Losing myself in the race against time


Graphic Illustration by Sharlene Chen

Since entering high school, I’ve always felt like I never have enough time.

Emma Constable, Staffer

Since entering high school, I’ve always felt like I never have enough time. Every day is a race against the clock, with barely enough hours in the day for all my obligations, let alone things I want to do; movies on my must-watch list have remained there since freshman year, trumped either by physics homework or my self-sabotaging brain guilt-tripping me for even considering leisure over study. I wish I could say that I successfully managed to find a balance between sleep, school and social life during my four years at Lynbrook, but in reality I am still trying to find that perfect equilibrium. 

Like many other students, I grew up with the notion that being productive is the only worthwhile way of spending one’s time. Outside of school, I was pushed to attend music lessons, dance classes and summer camps instead of coming home with endless time on my hands. I am undoubtedly grateful for these experiences because they have shaped my love for the arts and gave me happy childhood memories, but I also wish I had developed a healthy work-life balance earlier on. 

As my workload in high school increased over the years, I tended to feel guilty when I chose to spend free time relaxing or socializing instead of studying or getting ahead on work. Yet, when I felt overwhelmed with assignments and extracurriculars, I wanted nothing more than time to breathe and do nothing at all. This created a constant back-and-forth, internal battle with myself, trying and failing to find a good balance, and I often felt shame for not having established it while so many of my peers appeared to successfully cope. 

When the pandemic hit in sophomore year, I could finally afford several hours in the day to myself, and I pledged to use this time to my advantage by trying to become a better, more productive person. I established a routine work schedule from morning to night, taught myself how to crochet, attempted to learn guitar and went on multiple walks a day, because I believed successful people did that. The fifteen minute intervals I allowed myself between “work blocks” was my version of a work-life balance. But I failed to realize that I was still trapped by my restrictive notion of time; every day I created a timetable outlining how many minutes I could afford to spend on each activity, which made “unstructured leisure” still ultimately limited.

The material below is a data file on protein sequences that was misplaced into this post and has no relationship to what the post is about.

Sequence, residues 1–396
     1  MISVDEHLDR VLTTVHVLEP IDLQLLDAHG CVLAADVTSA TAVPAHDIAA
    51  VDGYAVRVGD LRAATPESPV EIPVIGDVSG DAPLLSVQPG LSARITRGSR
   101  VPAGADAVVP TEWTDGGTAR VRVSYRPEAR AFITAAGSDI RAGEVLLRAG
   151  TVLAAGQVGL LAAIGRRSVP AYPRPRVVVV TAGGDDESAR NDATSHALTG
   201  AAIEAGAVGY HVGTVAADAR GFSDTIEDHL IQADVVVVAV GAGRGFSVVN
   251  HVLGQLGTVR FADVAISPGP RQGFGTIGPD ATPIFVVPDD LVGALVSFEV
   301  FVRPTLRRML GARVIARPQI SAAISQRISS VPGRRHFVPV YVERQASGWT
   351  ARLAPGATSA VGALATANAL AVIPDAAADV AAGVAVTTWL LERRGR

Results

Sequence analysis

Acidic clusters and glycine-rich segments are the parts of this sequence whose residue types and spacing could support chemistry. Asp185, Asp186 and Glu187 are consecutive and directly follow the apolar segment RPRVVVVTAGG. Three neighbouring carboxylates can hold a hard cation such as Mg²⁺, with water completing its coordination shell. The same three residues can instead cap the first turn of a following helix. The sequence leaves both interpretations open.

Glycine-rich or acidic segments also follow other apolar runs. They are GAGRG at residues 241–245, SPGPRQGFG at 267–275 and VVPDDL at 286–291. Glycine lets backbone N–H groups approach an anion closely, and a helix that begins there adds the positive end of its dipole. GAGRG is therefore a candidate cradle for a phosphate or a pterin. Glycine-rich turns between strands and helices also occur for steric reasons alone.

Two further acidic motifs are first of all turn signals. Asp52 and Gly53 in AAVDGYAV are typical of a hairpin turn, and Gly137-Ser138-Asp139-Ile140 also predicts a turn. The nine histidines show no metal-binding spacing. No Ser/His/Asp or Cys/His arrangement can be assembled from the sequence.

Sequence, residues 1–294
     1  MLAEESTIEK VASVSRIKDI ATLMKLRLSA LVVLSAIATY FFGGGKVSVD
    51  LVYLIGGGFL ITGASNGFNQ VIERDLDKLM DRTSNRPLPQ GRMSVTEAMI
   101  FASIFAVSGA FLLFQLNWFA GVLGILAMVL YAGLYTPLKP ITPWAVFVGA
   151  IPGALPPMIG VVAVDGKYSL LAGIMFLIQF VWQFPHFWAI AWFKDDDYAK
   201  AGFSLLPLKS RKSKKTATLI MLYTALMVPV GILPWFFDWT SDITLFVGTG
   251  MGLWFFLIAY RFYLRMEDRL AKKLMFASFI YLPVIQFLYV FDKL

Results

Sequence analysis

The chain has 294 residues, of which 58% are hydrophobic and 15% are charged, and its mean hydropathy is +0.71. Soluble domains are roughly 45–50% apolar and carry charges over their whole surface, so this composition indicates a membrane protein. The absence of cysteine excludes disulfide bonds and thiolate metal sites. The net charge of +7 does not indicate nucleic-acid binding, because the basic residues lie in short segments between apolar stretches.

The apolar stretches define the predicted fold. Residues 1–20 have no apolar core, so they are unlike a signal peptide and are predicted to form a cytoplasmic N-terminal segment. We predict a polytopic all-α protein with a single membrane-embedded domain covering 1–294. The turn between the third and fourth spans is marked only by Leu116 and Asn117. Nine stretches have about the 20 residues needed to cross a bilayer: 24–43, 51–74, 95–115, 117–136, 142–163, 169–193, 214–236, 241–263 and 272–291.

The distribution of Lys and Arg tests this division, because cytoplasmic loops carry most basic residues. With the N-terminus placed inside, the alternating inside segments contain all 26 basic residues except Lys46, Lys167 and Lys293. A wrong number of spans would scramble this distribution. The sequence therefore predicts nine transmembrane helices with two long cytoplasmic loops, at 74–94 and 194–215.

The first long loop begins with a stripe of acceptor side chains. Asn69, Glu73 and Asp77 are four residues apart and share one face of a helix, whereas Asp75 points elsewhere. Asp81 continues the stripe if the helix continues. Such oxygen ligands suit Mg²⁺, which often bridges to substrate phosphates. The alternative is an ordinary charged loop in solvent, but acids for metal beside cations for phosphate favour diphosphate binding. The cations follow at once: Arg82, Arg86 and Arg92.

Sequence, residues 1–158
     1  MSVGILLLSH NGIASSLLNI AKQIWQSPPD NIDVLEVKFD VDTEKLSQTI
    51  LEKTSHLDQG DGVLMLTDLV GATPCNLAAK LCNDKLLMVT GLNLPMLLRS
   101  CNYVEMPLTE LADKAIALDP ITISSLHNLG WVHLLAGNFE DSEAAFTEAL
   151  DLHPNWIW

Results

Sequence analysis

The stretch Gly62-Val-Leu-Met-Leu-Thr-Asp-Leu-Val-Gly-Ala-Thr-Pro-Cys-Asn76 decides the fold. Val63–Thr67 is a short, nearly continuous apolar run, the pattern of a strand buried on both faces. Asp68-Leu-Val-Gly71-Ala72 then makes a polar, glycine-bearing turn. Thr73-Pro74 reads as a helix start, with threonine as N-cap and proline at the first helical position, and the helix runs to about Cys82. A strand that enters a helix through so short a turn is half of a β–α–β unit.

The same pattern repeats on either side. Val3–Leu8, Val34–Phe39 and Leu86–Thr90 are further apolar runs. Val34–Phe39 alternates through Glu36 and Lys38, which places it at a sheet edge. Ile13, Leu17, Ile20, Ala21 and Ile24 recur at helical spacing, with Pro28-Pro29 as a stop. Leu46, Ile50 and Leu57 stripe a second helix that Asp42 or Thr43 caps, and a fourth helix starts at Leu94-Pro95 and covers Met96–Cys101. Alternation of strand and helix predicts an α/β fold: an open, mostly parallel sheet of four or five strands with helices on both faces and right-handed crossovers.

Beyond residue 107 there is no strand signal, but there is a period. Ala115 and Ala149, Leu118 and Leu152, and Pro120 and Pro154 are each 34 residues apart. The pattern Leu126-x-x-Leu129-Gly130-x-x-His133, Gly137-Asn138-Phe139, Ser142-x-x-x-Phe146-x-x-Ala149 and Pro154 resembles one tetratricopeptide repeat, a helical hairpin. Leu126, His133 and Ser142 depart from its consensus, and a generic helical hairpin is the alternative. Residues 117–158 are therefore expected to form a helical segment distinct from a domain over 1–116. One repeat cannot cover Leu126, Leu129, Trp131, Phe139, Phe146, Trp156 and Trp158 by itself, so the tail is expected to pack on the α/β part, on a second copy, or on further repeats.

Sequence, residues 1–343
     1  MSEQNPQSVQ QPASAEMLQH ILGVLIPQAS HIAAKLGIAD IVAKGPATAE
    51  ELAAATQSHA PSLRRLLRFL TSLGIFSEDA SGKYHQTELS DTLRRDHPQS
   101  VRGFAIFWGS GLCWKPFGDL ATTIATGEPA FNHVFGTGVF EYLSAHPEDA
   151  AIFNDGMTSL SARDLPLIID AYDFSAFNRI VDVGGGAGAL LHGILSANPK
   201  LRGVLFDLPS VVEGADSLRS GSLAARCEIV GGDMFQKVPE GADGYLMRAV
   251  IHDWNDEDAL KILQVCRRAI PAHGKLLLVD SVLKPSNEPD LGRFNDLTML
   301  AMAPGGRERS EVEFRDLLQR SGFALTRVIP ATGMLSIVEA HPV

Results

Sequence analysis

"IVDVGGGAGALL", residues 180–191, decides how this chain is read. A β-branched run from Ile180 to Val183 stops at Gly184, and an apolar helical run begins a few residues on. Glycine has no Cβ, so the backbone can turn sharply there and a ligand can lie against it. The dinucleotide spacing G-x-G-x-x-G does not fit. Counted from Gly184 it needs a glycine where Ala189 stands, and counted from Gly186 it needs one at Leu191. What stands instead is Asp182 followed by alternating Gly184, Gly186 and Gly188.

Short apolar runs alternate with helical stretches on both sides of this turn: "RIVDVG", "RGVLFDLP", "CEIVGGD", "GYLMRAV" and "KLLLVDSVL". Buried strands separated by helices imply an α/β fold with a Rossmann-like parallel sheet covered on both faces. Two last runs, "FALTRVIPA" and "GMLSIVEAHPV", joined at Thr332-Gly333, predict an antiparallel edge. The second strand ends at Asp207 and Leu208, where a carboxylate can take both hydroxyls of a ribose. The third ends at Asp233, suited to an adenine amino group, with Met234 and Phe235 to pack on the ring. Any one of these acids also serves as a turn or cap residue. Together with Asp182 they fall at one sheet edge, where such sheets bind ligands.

Ironically, finally getting to one of those must-watch movies on my list helped me realize my problem. In the 2011 sci-fi film In Time, the rich and poor lead extremely distinct lives within a futuristic society where time is literally money, and having zero time left equals death. The poor rarely have more than a day’s worth of time on their personal clocks, giving them a short margin to work and earn more hours, while the extremely wealthy who live in higher-up “time zones” can essentially live forever with centuries on their time clocks. In the movie, a wealthy citizen’s daughter falls in love with the poor main character, and they discover that love transcends time zones and is ultimately more worthwhile than futilely looking into the ticking time bomb of the future.

Although an arguably cheesy romantic trope, this reality became more and more evident in my own life. I was still 17 years old; why was I constantly jumping from one minute to the next, panicking about falling behind in my schedule and acting as if I, too, had only a set amount of hours to live? Suddenly, the quote “If you don’t stop to look around sometimes, life is going to pass you by” didn’t make me roll my eyes anymore; instead, it scared me because I realized that I could hardly remember all the times over the previous years I’d intentionally taken time to do something for myself instead of put work first. 

When senior year began, I lost the rigidity of routine I’d built during online school and started to feel the creeping effects of productivity guilt again. Yet, I realized that it was my last year to fight this problem and regain control over my time. I made it a goal to attend as many school-wide events as possible, as well as push myself to do something fun and relaxing every Friday night. 

Instead of losing time, this helped me mentally prepare to work during the weekend, and also made me feel more excited about waking up each morning as I learned to accept that a self-care day was as “productive” as one spent studying. As my second semester winds to an end, I again have more free time than before on my hands, but I am slowly getting better at learning to cherish that time instead of feeling guilty about having it in the first place.

I am now 18 years old, and although I still have not found that perfect three-point equilibrium between sleep, school and social life that I always believed came automatically with adulthood, I have accepted that maybe that balance doesn’t exist; instead, I need to recognize that it may be never be constant. Life is about so much more than filling our days with one activity to the next; there is time only for what is truly valuable, and I value my family, friends and the remaining time I get to spend with them before graduating and leaving this version of myself behind.

Although my four years of high school did not culminate in finding that ideal balance, I did manage to reverse my former toxic notions of constant productivity and learn to live and breathe in the present instead — free from the clutches of a nonexistent personal clock.